Overdose crisis? Or, addiction crisis?

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British Columbia has long been cited as a model for North American drug policy and harm reduction implementation.

BC has established a Death Review Panel in response to the overdose crisis. The panel recently issued a report with 3 recommendations. The first recommendation to regulate recovery homes, which currently require only a simple inspection of the facility. (The other 2 were for more maintenance treatments and more harm reduction.)

The chair of the panel cited the abstinence orientation of houses as a concern.

A columnist at the Vancouver Sun pushes back against the argument that BC is suffering from insufficient harm reduction:

This is, after all, a city and a province that for nearly 20 years has been at the forefront of harm-reduction with needle exchange programs, safe injection sites, methadone and suboxone treatment programs, a prescription heroin program and, more recently, free naloxone kits, free-standing naloxone stations and training for first-responders and even teachers in how to use it as an antidote for fentanyl overdoses.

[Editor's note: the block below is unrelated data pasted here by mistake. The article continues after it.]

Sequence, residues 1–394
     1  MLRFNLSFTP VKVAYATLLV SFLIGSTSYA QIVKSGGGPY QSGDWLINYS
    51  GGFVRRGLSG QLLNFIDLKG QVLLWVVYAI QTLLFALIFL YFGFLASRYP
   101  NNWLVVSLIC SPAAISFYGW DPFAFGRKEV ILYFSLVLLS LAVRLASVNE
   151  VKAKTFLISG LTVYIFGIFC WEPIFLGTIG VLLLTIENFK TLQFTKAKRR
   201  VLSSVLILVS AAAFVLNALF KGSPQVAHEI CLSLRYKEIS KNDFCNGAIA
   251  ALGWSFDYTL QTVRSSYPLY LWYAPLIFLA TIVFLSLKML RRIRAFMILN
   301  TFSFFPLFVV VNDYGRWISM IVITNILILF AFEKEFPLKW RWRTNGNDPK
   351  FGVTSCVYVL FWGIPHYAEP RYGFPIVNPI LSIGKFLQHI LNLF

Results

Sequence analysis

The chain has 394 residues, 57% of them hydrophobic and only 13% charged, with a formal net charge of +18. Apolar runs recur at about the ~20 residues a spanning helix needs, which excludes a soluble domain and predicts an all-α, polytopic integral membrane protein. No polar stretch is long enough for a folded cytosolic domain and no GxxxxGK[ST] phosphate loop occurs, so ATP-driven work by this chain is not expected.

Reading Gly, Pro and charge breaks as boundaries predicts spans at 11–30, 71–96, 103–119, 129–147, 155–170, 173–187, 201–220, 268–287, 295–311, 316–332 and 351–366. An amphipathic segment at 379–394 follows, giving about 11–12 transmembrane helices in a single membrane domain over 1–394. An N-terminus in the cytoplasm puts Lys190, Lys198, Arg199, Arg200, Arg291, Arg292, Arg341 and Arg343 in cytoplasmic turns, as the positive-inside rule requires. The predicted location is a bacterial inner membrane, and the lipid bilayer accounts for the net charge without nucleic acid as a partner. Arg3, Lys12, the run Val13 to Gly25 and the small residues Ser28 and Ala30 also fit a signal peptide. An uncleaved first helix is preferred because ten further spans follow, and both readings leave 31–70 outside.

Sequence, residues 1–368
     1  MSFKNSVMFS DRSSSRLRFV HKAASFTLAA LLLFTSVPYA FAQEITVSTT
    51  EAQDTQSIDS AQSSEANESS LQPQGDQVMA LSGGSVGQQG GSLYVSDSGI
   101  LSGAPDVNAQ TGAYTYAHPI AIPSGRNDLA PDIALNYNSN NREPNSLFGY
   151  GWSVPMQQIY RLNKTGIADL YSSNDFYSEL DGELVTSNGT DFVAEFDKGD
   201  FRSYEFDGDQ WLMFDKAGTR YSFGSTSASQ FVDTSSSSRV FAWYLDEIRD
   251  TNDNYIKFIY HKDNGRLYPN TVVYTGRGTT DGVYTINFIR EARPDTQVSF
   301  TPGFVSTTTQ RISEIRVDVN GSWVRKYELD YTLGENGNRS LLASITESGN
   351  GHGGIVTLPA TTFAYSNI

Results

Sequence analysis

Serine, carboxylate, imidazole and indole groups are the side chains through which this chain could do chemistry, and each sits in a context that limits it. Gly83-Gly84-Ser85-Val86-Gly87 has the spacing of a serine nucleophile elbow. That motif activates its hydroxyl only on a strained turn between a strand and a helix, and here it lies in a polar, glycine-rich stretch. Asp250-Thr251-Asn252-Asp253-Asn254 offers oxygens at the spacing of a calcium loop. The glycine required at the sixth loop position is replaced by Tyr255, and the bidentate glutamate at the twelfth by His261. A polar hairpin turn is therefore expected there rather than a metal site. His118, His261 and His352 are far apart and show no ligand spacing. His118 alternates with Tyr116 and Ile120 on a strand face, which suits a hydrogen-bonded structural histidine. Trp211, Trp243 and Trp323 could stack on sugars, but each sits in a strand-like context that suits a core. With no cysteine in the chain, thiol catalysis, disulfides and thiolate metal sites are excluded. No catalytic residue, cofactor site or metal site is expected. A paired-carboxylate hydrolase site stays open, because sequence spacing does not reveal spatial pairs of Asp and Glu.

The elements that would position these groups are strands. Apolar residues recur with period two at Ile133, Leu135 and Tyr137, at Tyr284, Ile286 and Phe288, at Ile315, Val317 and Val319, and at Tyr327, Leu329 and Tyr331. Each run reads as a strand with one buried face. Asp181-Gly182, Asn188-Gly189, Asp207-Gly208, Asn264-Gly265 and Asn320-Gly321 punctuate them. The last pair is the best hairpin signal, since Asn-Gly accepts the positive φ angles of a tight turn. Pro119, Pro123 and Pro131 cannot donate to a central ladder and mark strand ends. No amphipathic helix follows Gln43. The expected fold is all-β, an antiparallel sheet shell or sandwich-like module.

We’ve gone from crisis to crisis, each one sucking up incredible resources. Currently, a quarter of a million dollars a day goes into the Downtown Eastside alone for methadone treatment. This year, the B.C. government expects the number of British Columbians receiving replacement drug therapy to rise to 30,000 and then nearly double to 58,000 by 2020-21.

In 2006 when Vancouver updated its four pillars approach, it noted that there were 8,319 British Columbians being treated with methadone.

By 2020-21, the province also expects to be supplying 55,000 “free” take-home naloxone kits, up from 45,000 this year.

We keep hearing about an overdose crisis, but what we have is an addictions crisis. Solving it will require a lot more than simply reducing harm.

What’s needed is a recovery orientation. (Which does not rule out harm reduction.)



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